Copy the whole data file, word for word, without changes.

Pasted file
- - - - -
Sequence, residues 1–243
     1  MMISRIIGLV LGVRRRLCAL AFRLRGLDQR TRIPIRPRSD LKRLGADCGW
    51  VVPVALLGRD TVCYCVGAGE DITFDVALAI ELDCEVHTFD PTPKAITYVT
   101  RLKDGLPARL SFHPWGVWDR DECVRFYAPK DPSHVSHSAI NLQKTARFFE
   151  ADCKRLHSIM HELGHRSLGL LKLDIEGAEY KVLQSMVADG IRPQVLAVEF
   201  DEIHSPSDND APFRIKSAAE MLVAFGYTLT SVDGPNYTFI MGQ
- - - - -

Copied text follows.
Sequence, residues 1–243
     1  MMISRIIGLV LGVRRRLCAL AFRLRGLDQR TRIPIRPRSD LKRLGADCGW
    51  VVPVALLGRD TVCYCVGAGE DITFDVALAI ELDCEVHTFD PTPKAITYVT
   101  RLKDGLPARL SFHPWGVWDR DECVRFYAPK DPSHVSHSAI NLQKTARFFE
   151  ADCKRLHSIM HELGHRSLGL LKLDIEGAEY KVLQSMVADG IRPQVLAVEF
   201  DEIHSPSDND APFRIKSAAE MLVAFGYTLT SVDGPNYTFI MGQ